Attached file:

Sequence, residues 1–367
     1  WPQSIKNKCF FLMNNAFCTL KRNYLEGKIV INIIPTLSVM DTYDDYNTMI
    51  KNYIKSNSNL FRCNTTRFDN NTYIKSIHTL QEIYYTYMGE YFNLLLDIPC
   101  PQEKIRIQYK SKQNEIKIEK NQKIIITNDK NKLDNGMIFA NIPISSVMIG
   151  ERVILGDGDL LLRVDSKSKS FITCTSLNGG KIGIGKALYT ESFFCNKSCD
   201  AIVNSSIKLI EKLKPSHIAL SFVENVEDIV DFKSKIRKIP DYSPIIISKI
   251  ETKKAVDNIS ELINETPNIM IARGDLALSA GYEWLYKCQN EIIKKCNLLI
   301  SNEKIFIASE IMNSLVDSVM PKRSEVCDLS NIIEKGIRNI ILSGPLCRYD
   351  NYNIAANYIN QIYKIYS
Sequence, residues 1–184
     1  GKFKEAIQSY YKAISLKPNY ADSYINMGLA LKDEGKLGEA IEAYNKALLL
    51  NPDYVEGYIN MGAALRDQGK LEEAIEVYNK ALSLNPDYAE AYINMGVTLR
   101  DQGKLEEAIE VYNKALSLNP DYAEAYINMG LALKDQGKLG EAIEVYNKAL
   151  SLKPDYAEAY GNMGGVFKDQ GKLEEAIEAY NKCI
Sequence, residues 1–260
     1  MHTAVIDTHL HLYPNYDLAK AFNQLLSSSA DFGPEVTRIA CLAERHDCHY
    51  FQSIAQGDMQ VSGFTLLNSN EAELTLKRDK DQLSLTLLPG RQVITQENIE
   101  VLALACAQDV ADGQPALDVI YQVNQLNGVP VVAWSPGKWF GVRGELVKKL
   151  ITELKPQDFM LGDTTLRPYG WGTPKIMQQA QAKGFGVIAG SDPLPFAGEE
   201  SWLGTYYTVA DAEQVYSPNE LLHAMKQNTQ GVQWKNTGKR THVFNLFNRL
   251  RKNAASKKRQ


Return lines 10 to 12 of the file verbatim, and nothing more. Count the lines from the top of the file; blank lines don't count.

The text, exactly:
Sequence, residues 1–184
     1  GKFKEAIQSY YKAISLKPNY ADSYINMGLA LKDEGKLGEA IEAYNKALLL
    51  NPDYVEGYIN MGAALRDQGK LEEAIEVYNK ALSLNPDYAE AYINMGVTLR